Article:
Author Topic: NE NSW / SEQ Hailstorms 11 August 2011  (Read 7532 times)

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Offline Michael Bath

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NE NSW / SEQ Hailstorms 11 August 2011
« on: 13 August 2011, 02:46:47 AM »






This one was to the north along the border



A second stronger thunderstorm moved in from the WSW about 6.15pm. The northern edge looked nice with the sunset. This was the cell that produced large hail at Wollongbar and hail drifts elsewhere.





Jason arrived and got a nice lightning shot that he may post later on.

We then headed to Ballina for lightning. We didn't notice the hail drifts during the drive there due to rain so only got some pics on the way home at about 9pm. The stripped foliage was obvious through the western parts of Wollongbar too.





This one is from a very small cell that formed just southeast and Ballina. It lasted about an hour before we gave up on it.




128km Radar Loop for Grafton, 03:00 11/08/2011 to 14:00 11/08/2011 UTC

Location: Mcleans Ridges, NSW Northern Rivers
Australian Severe Weather:   http://australiasevereweather.com/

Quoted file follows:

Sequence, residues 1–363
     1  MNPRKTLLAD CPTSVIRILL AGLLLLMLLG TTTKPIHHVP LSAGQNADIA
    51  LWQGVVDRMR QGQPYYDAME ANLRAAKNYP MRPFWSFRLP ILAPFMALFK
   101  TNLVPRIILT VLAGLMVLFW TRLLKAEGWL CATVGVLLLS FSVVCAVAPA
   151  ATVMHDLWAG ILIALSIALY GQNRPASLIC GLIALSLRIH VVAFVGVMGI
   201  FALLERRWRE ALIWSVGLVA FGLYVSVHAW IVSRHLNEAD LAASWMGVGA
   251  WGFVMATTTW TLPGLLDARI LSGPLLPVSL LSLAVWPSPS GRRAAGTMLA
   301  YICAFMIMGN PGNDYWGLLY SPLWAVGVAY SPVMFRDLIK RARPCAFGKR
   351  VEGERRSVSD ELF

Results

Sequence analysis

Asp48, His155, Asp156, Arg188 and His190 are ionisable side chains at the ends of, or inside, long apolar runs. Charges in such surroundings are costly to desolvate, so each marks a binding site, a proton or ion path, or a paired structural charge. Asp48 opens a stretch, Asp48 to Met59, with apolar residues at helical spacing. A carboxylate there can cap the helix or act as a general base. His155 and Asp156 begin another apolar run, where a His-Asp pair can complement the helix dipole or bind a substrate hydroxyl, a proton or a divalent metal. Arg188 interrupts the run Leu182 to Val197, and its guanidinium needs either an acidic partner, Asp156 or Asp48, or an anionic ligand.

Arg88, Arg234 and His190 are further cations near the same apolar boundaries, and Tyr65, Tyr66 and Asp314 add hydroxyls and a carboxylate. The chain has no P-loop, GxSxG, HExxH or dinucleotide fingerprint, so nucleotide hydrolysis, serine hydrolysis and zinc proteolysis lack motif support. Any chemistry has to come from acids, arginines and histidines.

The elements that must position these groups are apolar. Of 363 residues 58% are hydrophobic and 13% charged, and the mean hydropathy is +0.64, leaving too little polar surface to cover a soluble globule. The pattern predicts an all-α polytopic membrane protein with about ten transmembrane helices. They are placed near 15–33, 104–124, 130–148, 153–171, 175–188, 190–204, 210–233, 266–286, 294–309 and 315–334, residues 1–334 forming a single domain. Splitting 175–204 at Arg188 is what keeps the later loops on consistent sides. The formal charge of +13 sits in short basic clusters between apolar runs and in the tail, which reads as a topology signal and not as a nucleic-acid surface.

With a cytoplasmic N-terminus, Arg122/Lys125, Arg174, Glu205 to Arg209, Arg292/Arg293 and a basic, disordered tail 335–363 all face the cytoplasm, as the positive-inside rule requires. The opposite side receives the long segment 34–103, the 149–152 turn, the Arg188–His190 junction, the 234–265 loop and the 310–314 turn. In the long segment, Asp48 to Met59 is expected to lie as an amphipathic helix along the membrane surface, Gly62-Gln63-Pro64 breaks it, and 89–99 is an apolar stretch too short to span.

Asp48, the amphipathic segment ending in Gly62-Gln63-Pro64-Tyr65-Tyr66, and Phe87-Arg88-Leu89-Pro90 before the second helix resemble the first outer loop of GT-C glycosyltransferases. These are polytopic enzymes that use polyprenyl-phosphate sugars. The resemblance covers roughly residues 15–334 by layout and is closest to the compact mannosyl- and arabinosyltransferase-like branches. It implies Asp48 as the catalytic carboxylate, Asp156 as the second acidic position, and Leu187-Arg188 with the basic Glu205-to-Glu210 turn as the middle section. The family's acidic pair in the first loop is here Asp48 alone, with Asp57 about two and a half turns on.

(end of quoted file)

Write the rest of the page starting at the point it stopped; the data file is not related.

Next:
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Contact: Michael Bath

Offline Jason(pato)

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RE: NE NSW / SEQ Hailstorms 11 August 2011
« Reply #1 on: 13 August 2011, 10:28:08 AM »
Wow!!! What a great assortment of pics there MB.

I started the day watching convection slowly build whilst at work. When I finally got home checked the radar and became aware of a cell moving in from the west towards Casino. It hadn't yet became lightning active but I decided to bite the bullet and go and check it out anyway. On the way out I saw my first CG of the day, stoked that I had taken the risk to have a look and get rewarded. Pulled up at a location just west of Lismore to have a look and this is what greeted me.